Ticino: History & Tradition

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Ticino has always been a key strategic point on the European map due to it being the main thoroughfare linking central Switzerland and Italy. It has been the theatre of much bloodshed, including 16th-century battles between the armies of Como and Milan and the battle of Giornico in 1478.


TI history

One of the three Bellinzona Castles (more information here)


Napoleon established the Ticino region in 1803, naming the region after its main river. In the mid-19th century, the inhabitants of the region underwent great hardship and this led to mass emigration (see OltreconfiniTi). The opening of the San Gotthard road (1980) and rail tunnels (1882) played a key role in the economic development of the region.


Living traditions

The different dialects of the Ticino region are still alive and well and help to preserve the region’s heritage and traditions, some of which are listed in the Inventory of Living Traditions in Switzerland. Ticino is renowned for its chestnuts, dry-stone walls, slate roofs, Epiphany songs and the caroller’s songs, fairs of San Martino (in Mendrisio) and San Provino (Agno), traditional Holy Week processions, historical parades and militias in Leontica, Aquila and Ponto Valentino (Blenio Valley) and carnivals, with the most famous being the Rabadan in Bellinzona.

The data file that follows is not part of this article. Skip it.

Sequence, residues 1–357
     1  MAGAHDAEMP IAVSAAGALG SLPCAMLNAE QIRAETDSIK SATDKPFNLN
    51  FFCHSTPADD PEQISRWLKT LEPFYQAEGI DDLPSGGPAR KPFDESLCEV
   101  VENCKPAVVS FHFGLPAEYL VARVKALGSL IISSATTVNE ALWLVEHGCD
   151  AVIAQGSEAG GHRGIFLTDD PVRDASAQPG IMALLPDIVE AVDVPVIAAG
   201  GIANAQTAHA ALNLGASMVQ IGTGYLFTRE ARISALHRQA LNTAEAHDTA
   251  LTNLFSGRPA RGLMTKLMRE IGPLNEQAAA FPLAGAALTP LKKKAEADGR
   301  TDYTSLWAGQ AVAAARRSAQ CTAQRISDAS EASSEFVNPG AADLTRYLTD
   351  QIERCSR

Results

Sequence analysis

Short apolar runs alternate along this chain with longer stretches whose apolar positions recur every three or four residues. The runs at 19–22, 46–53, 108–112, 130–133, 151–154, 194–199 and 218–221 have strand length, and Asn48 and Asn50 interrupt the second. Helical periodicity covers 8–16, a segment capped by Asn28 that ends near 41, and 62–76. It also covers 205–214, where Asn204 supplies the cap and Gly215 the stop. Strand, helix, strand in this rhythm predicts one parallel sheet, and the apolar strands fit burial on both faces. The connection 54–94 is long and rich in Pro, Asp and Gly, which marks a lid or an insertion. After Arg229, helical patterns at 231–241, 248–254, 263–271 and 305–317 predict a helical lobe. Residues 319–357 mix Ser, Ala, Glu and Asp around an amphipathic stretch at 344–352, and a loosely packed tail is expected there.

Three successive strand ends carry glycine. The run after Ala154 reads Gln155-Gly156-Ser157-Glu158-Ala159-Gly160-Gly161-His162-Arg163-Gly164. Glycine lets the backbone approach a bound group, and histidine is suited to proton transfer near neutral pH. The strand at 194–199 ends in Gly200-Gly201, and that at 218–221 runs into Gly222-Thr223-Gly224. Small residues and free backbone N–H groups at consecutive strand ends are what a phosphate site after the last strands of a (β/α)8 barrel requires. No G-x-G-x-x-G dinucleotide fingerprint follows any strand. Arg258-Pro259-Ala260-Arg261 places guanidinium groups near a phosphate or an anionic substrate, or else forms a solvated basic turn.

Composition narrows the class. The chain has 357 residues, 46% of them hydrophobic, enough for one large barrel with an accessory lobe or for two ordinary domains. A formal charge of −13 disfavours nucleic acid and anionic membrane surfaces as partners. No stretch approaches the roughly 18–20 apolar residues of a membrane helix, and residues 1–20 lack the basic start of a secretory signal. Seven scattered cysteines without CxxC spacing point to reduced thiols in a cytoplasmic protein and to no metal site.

TI history


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Gazzetta Svizzera